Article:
Pros: Motoblur aggregates social networking updates ; Good call quality ; Wealth of available apps
Cons: Awkward design ; Runs older version of Android ; Flat keyboard ; Lackluster AT&T services ; No multitouch support
Verdict: AT&T's first Android phone bends over backwards to impress, but winds up feeling awkward and loaded with superfluous features.
The Motorola Backflip comes to AT&T as the carrier's first Android handset. Like the Cliq for T-Mobile and Devour for Verizon Wireless, this $99 device features Motorola's Motoblur user interface, which conveniently aggregates all of your social networks into once place. What makes this phone different is its unique reverse flip design and small touchpad behind the screen that's supposed to let you navigate without touching the display. Unfortunately, both of these supposed perks backfire on the Backflip, which also has a slower processor than the Devour. Add in the odd fact that Yahoo is the default search provider and that most of AT&T's bundled services don't add much value, and you have an Android phone you'll likely want to avoid.
It's all in the name: Backflip. Motorola's design here requires that you flip the phone backwards to open it. When fully closed, the screen is exposed on one side and the keyboard on the other. It's an interesting yet awkward concept, and it takes some getting used to. We're also concerned about the durability of the keyboard, camera and flash since they are exposed to whatever might be in your pocket or purse.
At 4.3 x 2 x 0.6 inches and 4.7 ounces, the Backflip is quite small and very pocketable. For a flip phone that also has a touchscreen, we're quite pleased with its size. The phone's solid build is exactly what we've come to expect from Motorola handsets, and it seems like it could take some abuse. The hinge is sturdy, and while it doesn't lock into place when it's open, there was no give whatsoever.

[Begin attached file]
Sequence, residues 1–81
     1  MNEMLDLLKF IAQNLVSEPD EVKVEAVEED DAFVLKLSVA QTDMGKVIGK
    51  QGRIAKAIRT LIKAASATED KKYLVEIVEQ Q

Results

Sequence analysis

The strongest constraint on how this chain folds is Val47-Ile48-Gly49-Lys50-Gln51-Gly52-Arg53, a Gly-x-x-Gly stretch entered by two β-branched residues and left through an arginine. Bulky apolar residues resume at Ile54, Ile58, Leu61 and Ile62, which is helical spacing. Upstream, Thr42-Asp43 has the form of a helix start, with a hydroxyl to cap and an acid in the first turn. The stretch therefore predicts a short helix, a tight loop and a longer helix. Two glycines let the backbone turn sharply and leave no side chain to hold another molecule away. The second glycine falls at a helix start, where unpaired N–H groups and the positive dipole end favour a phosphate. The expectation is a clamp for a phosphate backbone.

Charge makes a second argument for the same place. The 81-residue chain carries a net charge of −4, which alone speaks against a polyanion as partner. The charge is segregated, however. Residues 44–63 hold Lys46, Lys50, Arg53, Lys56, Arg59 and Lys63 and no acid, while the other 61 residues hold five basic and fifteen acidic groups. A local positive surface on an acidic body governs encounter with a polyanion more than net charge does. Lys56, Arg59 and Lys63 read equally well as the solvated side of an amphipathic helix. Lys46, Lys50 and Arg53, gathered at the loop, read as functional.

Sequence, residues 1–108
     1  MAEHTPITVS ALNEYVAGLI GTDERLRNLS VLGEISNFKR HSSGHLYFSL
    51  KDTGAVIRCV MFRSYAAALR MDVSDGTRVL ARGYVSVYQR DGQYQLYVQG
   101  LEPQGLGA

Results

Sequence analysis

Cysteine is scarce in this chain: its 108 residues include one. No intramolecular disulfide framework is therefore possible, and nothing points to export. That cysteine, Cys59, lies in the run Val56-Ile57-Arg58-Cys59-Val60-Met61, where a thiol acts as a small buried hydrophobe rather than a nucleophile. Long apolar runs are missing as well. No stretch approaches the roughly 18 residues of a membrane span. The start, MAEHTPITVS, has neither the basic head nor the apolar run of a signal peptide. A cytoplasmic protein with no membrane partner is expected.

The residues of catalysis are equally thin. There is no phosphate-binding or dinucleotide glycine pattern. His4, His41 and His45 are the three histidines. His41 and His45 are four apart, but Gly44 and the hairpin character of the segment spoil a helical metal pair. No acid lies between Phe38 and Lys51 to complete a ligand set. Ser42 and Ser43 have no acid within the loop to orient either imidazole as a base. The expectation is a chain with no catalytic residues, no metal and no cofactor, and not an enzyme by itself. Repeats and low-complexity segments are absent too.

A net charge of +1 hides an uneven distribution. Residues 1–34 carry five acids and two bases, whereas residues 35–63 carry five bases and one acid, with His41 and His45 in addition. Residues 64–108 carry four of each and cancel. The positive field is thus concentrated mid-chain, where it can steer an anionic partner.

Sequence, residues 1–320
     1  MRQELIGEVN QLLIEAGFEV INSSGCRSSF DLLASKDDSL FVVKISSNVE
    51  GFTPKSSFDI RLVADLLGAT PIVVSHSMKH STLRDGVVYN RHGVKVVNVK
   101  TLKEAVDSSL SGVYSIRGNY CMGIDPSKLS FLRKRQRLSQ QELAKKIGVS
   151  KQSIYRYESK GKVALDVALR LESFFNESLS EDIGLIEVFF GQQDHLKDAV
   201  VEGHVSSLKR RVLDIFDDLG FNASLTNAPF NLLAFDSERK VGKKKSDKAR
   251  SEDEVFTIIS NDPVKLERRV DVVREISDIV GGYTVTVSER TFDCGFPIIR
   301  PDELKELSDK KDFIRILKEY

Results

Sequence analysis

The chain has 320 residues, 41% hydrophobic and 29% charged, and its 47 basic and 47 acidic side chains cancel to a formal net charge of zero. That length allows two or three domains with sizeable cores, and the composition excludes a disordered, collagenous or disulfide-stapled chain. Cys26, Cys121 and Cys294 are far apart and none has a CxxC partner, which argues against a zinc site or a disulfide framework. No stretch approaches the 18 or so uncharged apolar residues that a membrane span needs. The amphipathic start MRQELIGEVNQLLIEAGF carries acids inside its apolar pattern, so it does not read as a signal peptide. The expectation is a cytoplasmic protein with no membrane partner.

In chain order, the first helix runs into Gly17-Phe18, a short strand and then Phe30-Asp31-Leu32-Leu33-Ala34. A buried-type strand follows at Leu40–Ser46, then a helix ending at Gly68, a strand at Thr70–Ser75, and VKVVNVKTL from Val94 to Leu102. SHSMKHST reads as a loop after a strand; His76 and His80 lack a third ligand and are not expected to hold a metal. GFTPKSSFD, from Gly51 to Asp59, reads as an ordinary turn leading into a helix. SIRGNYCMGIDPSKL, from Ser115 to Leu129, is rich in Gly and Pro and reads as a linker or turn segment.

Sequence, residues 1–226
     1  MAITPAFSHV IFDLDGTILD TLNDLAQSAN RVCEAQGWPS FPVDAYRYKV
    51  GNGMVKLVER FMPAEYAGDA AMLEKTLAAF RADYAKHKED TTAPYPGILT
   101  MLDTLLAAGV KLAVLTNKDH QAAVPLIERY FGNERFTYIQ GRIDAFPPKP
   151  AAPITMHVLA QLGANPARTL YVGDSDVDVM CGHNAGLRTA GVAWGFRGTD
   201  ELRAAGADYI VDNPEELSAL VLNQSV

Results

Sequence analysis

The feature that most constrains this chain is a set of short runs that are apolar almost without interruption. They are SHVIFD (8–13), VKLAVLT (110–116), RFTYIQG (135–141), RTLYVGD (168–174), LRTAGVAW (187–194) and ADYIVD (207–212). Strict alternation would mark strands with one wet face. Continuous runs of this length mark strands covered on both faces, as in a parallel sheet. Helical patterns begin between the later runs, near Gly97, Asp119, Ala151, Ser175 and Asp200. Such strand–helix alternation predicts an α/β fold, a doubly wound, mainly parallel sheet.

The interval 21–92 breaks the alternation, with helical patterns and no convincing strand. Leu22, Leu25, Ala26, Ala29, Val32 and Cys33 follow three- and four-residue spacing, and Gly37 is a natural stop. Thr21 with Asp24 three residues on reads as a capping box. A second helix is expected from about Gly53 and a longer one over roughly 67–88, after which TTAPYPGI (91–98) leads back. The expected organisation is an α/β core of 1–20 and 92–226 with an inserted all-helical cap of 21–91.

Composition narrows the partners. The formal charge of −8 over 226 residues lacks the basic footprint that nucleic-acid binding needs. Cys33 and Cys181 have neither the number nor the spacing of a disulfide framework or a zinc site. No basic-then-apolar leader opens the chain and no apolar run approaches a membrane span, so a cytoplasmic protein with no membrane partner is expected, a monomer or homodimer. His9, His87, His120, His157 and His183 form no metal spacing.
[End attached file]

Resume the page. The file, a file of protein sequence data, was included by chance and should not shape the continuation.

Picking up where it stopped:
On the face of the Backflip is a relatively small 3.1-inch, 480 x 320 HVGA touchscreen along with Menu, Home, and Back buttons that are essential to Android devices. While the screen is vivid and bright, we would have liked it to be a bit bigger. Icons and widgets were easy enough to see, but pictures and videos would have looked much better on a larger screen. Behind the display is a touchpad that can be used when the device is open. Motorola calls it Backtrack, but we're not sure why it's here. You can use the pad to swipe between icons or screens, and tap it to make selections, but we found it occasionally unresponsive. It would sometimes take several taps for a click to be registered, and swiping around with it wasn't always smooth.
On top of the device is a 3.5mm headset jack and a power button that also acts as a sleep/wake button when the phone is on. Around the sides are the usual volume rocker, micro-USB port, and a dedicated camera key.
One thing about the Backflip's strange design is that it does allow for a dock mode, which is nice to have. All you have to do is set the phone down at close to a 90-degree angle with the display facing you, and the screen will automatically show the time, date and current weather.
Since the on-screen keyboard is so small, you will come to rely on the Backflip's physical keyboard. Because it is exposed and acts as the backside when the phone is completely closed, the keyboard is rather flat. It's not ideal, but the keys are large enough to build up speed over time.